I’m a sucker for survival horror and really this could just as easily be Silent Hill 2, but the sheer amount of time I’ve spent playing RE4 gives it the slot. While the story was a bit campy, the gameplay was outstanding and rewarded players who got good at the system. While I knew much of the back story for the series, I didn’t feel like the plot relied heavily on the source material which, along with the control redesign, made the game a great place to pick up the series.
5. Metroid Prime
Retro’s first contribution to the Metroid Franchise on the Gamecube was a stunning example of platforming and exploration working in a 3D environment. On top of the solid gameplay, the environment and atmosphere made the world of Talon IV come alive and really conveyed the feeling of a once might civilization being over taken by nature gone wrong.
4. Phantasy Star Online
I’m likely committing a sin by saying this, but all things considered I prefer PSO over Diablo 2. Yes, the story was weaker and the gameplay could be frustrating, but I still prefer the space age dungeon crawling loot fest over the dark fantasy one. There were just so many little nuanced things, like being able to consistently land the chain attacks or animation canceling to throw spells faster, that rewarded learning the game.
3. Legend Of Zelda: Link to the Past
Many point to Ocarina of Time as the ultimate Zelda, but Link to the Past will always be my number one. Ocarina is, at a design level, just a much more cinematic 3D Link to the Past. All of the things that come to mind when people think Zelda were at their best in Link to the Past. The game’s scale, the dungeon design, the boss fights, and the hoard of items were nearly flawless and still stand up to modern day scrutiny.
2. Final Fantasy 8
A controversial favorite, I love Eight over all other Final Fantasies because of how well the game worked—though that’s not to dismiss the cast or the story, but the system was what made the game for me. Everything about it was integrated, each part feeding into another and rewarding the player for taking on all the game had to offer. I feel it gets knocked by many because the level system was counter intuitive, but it rewarded intelligent play and fueled the integration that the game thrived on. Card enemies and don’t get experience, play the card game to get more cards, convert cards into items, use items to learn magic or power up GFs, be better equipped than monsters and bosses win the game. Even so, the game does its best to compete, even with an optimal run, the bosses are challenging and the game holds its own. Sure you could’ve just powered through the game using GF’s to kill everything, but there is so much more there just under the surface.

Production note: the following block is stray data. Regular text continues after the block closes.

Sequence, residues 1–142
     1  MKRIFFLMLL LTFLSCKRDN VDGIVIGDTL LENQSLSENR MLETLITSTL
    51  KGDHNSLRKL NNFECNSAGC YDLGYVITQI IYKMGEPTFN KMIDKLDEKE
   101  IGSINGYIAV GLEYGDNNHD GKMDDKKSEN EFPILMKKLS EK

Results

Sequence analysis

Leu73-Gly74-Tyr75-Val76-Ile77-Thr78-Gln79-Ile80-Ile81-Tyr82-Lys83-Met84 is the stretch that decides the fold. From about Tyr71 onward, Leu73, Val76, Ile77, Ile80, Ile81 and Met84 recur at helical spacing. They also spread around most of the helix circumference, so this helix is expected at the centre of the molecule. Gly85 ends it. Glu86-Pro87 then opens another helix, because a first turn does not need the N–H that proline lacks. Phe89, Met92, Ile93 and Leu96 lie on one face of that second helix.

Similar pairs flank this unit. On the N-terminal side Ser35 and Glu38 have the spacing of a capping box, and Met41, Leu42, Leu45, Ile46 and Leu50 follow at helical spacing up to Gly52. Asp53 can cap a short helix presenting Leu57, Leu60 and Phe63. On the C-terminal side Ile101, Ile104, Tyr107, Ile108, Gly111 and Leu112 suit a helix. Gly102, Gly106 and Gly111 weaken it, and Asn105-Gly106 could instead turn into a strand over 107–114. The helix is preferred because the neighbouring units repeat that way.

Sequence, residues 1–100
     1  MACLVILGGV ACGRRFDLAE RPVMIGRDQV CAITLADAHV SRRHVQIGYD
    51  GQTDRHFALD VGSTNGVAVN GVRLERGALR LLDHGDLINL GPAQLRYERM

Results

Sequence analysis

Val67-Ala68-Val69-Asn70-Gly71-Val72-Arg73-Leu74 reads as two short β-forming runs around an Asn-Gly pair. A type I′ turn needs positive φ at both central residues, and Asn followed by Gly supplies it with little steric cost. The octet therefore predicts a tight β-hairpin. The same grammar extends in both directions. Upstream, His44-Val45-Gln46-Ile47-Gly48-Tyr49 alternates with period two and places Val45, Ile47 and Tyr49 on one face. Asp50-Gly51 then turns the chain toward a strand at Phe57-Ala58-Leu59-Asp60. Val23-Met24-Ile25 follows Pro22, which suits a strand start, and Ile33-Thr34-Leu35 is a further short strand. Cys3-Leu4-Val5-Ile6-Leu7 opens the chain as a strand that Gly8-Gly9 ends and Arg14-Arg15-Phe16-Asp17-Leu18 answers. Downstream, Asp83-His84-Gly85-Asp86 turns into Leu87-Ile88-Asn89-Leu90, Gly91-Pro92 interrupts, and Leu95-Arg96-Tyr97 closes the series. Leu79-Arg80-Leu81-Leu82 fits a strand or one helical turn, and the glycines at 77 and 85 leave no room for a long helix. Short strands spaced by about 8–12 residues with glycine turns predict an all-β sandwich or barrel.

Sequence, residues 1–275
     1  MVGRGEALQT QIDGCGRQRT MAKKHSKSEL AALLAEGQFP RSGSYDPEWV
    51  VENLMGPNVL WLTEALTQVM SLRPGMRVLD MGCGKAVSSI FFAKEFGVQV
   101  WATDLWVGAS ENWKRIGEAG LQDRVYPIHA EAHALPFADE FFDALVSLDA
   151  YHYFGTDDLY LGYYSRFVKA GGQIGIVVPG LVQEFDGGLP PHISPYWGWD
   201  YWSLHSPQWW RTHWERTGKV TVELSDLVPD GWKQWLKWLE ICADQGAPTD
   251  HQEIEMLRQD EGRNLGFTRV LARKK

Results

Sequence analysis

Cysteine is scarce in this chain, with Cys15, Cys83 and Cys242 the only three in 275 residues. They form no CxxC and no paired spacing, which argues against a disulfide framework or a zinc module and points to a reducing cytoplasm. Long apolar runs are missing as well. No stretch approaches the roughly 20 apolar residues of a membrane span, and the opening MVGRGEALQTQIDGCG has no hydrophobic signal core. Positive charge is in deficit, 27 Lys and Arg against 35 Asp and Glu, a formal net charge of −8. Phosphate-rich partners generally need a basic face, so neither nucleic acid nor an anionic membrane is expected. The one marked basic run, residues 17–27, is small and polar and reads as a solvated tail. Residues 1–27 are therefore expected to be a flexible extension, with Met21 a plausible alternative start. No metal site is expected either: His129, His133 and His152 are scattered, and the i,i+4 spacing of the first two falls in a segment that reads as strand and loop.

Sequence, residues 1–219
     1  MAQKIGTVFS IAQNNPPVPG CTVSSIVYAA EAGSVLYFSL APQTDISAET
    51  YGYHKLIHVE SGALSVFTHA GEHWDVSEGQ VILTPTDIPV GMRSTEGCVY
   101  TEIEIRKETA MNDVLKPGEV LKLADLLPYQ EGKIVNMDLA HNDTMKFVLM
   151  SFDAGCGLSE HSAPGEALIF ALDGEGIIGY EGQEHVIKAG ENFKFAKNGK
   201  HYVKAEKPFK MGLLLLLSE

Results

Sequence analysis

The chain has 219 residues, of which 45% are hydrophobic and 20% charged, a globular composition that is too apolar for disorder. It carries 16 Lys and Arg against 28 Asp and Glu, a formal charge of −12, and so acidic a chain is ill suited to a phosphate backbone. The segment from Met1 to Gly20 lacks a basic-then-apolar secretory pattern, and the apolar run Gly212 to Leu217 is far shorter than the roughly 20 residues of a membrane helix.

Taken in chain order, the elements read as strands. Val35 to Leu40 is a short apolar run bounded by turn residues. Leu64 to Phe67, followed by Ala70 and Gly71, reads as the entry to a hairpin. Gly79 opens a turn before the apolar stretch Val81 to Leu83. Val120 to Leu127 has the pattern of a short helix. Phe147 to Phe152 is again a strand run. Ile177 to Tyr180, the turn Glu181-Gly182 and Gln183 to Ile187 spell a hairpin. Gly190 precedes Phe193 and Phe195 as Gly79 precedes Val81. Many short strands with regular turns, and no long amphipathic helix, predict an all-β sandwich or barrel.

1. Secret of Mana
My favorite game from Square and personally the best game I’ve ever played. The combat was tight and intuitive, hitting monsters felt good, fighting bosses felt challenging and rewarding, the story was phenomenal, and the art was stunning. The dungeons were long and challenging. The monster types worked to complement each other and the weapon system let you pick a play style you felt comfortable with. On top of that was the three, yes three, player co-op. Everything that I’ve ever wanted in a game was in Secret of Mana, making it a something of a de facto measuring stick. I feel that today’s Action RPGs, from Skyrim to Tales of Graces, all fall short of what this SNES gem did in ’93.
Valkyrie Profile 2: Silmeria, Shin Megami Tensei: Persona 3, Super Street Fighter 2 Turbo, and of course, Psychonauts